Religious belief keeps anxiety at bay

By 
  • March 12, 2009
{mosimage}TORONTO - Maybe the bus ads should read, “There probably is a God, so stop worrying and get on with your life.”

A team of Toronto scientists has found that believers perform better in certain mental tasks because religious people are less likely to experience anxiety when they make a mistake. People who believe in God worry less.

“We suggest that religious conviction buffers against anxiety by providing relief from the experience of uncertainty and error, and in so doing, strengthening convictions and narrowing attention away from inconsistencies,” wrote psychology professor Michael Inzlicht and his team of researchers from the University of Toronto and York University in an article called “Neural Markers of Religious Conviction” published in Psychological Science on March 4.
Since the study received media play in early March, Inzlicht has run into two popular responses — religious people who are pleased that the study shows religion is good for you, and non-religious who think the study shows how religious people fail to worry when they should.

“It’s kind of a litmus test,” Inzlicht told The Catholic Register. “For atheists out there, it’s support for (their belief) religious people don’t use their brains... Religious folks say, ‘Oh, lowers anxiety — that’s great.’ ”

The bus ad presumption that believers are naturally fearful and worried is a rather recent phenomenon, said Sam Mikail, the clinical director of the Southdown Institute.

“That’s popularization. That’s not science,” said Mikail. “There have certainly been times throughout history when exactly the opposite popularization was argued, that a sense of spirituality is associated with a sense of peace.”

Mikail also notes that the Toronto study of anxiety and religion is just one of a long line of studies that show a correlation between religious belief and good psychological and physical health. Greater longevity, lower rates of heart disease and cancers and decreased loneliness are all associated in scientific studies with either belief in God or regular religious practice.

But the general correlation doesn’t mean that every religious person passes through life cool as a cucumber. There are very anxious religious people, some of whom find treatment at Southdown , a church-sponsored treatment facility that helps priests, nuns and religious brothers with problems running from addictions to depression and compulsive disorders.

For most religious people, how they relate to God determines their level of anxiety, said Mikail.

“Whether people are anxious or not is not so much a function of your belief or spirituality, but what is your attachment style?” said Mikail.

“Attachment style” is psychological language for how people form relationships. That way of forming and maintaining relationships includes one’s relationship with God, said Mikail.

Mikail claims about 60 per cent of the population has a secure attachment style leading to stable and trusting relationships. The minority with insecure attachment styles have trouble trusting in relationships.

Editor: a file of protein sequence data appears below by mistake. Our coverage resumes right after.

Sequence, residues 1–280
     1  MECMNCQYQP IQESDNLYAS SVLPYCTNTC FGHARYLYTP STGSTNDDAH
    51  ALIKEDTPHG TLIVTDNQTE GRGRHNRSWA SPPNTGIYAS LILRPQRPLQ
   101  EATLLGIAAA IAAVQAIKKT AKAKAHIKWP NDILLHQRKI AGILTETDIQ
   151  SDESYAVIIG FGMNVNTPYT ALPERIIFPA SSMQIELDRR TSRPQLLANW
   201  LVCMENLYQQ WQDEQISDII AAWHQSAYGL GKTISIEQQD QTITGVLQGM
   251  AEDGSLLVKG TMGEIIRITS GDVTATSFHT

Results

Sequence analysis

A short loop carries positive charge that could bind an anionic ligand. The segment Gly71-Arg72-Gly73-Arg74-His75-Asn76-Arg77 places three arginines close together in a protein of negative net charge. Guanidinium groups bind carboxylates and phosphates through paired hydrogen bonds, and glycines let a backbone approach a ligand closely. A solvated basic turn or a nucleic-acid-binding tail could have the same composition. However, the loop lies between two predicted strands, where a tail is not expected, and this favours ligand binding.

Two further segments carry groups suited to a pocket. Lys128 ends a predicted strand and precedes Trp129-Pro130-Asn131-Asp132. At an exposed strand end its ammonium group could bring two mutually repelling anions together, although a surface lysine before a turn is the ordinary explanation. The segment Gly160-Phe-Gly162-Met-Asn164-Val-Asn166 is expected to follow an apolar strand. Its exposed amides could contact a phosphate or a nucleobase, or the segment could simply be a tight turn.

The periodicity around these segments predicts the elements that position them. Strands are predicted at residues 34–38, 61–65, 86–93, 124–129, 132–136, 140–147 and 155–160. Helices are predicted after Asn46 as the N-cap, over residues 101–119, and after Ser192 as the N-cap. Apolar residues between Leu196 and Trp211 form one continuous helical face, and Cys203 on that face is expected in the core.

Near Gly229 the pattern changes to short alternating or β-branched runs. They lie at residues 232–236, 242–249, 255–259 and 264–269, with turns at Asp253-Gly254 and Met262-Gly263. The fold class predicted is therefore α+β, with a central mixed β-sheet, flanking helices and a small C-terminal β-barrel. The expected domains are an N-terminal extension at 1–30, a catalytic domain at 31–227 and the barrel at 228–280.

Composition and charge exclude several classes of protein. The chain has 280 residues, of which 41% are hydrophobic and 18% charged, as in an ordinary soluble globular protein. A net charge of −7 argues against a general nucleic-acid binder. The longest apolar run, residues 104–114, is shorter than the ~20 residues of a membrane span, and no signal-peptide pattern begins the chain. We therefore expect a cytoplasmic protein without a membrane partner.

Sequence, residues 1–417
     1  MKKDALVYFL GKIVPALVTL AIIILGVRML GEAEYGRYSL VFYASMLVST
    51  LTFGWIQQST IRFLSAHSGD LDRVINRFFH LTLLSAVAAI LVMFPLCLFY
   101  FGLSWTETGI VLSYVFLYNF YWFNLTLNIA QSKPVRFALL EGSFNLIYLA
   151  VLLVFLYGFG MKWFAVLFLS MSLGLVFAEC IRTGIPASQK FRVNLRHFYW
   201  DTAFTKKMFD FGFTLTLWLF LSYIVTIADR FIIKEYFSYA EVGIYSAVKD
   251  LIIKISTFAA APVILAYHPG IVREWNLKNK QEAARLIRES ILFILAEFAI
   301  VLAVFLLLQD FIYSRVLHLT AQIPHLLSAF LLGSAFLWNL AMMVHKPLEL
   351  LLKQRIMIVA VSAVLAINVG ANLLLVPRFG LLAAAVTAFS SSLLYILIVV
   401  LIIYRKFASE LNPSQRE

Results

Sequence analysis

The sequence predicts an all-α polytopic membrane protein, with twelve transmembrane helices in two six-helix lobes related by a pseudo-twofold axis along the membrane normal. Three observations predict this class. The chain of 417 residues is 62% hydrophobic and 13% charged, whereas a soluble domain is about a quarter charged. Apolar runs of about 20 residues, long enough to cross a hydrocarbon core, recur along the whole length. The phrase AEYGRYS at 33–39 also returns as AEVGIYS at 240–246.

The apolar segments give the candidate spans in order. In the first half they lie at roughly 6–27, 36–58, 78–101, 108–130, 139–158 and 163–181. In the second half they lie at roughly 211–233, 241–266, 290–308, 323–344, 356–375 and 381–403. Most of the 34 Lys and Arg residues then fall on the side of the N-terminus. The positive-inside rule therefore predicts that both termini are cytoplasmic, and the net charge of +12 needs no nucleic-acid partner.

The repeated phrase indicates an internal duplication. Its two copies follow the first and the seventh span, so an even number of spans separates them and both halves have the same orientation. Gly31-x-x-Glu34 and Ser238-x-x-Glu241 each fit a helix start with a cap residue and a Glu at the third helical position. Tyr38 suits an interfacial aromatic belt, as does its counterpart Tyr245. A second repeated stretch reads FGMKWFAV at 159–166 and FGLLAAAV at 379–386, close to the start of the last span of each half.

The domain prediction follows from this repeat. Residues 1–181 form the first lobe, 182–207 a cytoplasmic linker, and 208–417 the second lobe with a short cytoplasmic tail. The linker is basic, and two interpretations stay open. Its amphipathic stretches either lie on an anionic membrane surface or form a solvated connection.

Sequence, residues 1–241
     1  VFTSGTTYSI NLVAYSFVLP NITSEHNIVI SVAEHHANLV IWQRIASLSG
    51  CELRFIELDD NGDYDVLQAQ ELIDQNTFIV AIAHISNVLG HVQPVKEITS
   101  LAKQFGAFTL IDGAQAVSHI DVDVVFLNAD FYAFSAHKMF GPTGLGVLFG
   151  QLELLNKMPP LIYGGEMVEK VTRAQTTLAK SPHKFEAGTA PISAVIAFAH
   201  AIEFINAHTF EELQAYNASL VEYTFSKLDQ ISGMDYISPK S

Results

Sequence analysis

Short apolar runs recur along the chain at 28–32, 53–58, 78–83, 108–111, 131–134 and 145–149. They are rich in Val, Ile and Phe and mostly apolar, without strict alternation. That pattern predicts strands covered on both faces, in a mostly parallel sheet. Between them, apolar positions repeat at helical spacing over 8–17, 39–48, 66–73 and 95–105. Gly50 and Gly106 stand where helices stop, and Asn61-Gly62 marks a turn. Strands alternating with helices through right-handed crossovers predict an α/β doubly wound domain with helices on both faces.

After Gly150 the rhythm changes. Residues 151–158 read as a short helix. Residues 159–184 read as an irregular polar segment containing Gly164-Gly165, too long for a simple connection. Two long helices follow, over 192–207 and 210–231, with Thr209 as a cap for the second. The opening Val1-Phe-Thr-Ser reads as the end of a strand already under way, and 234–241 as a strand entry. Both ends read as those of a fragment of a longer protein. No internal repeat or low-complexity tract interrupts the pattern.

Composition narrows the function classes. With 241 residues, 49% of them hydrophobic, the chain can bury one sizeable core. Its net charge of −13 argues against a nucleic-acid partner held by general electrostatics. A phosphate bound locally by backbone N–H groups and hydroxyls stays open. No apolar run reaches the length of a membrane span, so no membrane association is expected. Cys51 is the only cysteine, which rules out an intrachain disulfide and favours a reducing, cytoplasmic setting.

“That insecurity is going to express itself, whether it’s in a relationship with God or it’s in a relationship with another human being, or whether it’s in a relationship with your wife or husband or best friend,” Mikail said.

A bad attachment style can be fixed, though it’s not easy, said the psychologist.

“Changing it is not easy, and it’s not instantaneous. It takes quite some time, but that’s what clinical science does,” said Mikail.

Prayer also works, especially when aided by spiritual direction.

“Spiritual direction can be quite helpful if you have a spiritual director who recognizes that someone tends to be a particularly anxious individual,” he said.

Inzlicht believes his study applies more generally than just drawing a line between believers and non-believers.

“I don’t think this study is specific to religion,” he said. “I think it’s actually specific to meaning systems we create in our world. Religion is one meaning system. It’s a system that kind of provides structure, helps us navigate our social world, provides guidelines for what to do and when to do it. But there are other systems.”

For some it’s politics. For others it’s much more personal, he said.

“One’s relationship with one’s spouse, if that’s the axis around which your world revolves — which I think for many people that’s the case — that also provides meaning as well,” Inzlicht said. “And for many people that provides the same kind of palliative as religion does.”

Inzlicht and his colleagues measured brain activity, looking for signs of anxiety in the anterior cingulate cortex of the brain, while the subjects — wired to an EEG machine — looked at coloured cards that spelled out the names of colours. The test subjects would have to look at the word “red” printed in blue and name the colour of the letters. The believers who participated in the test represented most of the faiths present among University of Toronto students — 39 per cent Christian, 21 per cent Muslim, 14 per cent Hindu, 11 per cent Buddhist and 15 per cent other.

The study makes no distinction among the believers.

“Whether there is a God or not is irrelevant to this study,” said Inzlicht. “Believing is what matters.”

Should people take up religion for the benefits of lower anxiety, less stress, fewer heart attacks, longer life and better scores on the Stroop test?

Inzlicht calls that kind of thinking “silly.”

“I don’t think you can make yourself believe something if intellectually it just doesn’t jive with you,” he said.

People believe if their experience tells them it makes sense, he said.

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